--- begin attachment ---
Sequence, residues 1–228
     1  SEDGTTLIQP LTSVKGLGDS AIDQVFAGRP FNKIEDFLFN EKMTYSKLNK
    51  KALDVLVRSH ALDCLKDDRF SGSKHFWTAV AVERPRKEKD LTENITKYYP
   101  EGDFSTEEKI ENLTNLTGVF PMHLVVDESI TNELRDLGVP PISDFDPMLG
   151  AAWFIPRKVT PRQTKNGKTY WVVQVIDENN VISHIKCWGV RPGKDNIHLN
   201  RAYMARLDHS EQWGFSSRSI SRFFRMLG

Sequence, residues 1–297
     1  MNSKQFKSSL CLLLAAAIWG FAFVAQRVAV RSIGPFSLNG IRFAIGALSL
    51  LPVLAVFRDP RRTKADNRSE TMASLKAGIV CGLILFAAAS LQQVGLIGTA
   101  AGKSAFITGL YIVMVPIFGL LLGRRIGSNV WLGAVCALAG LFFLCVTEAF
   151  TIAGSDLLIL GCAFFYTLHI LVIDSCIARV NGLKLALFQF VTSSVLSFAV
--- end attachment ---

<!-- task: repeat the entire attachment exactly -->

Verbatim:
Sequence, residues 1–228
     1  SEDGTTLIQP LTSVKGLGDS AIDQVFAGRP FNKIEDFLFN EKMTYSKLNK
    51  KALDVLVRSH ALDCLKDDRF SGSKHFWTAV AVERPRKEKD LTENITKYYP
   101  EGDFSTEEKI ENLTNLTGVF PMHLVVDESI TNELRDLGVP PISDFDPMLG
   151  AAWFIPRKVT PRQTKNGKTY WVVQVIDENN VISHIKCWGV RPGKDNIHLN
   201  RAYMARLDHS EQWGFSSRSI SRFFRMLG

Sequence, residues 1–297
     1  MNSKQFKSSL CLLLAAAIWG FAFVAQRVAV RSIGPFSLNG IRFAIGALSL
    51  LPVLAVFRDP RRTKADNRSE TMASLKAGIV CGLILFAAAS LQQVGLIGTA
   101  AGKSAFITGL YIVMVPIFGL LLGRRIGSNV WLGAVCALAG LFFLCVTEAF
   151  TIAGSDLLIL GCAFFYTLHI LVIDSCIARV NGLKLALFQF VTSSVLSFAV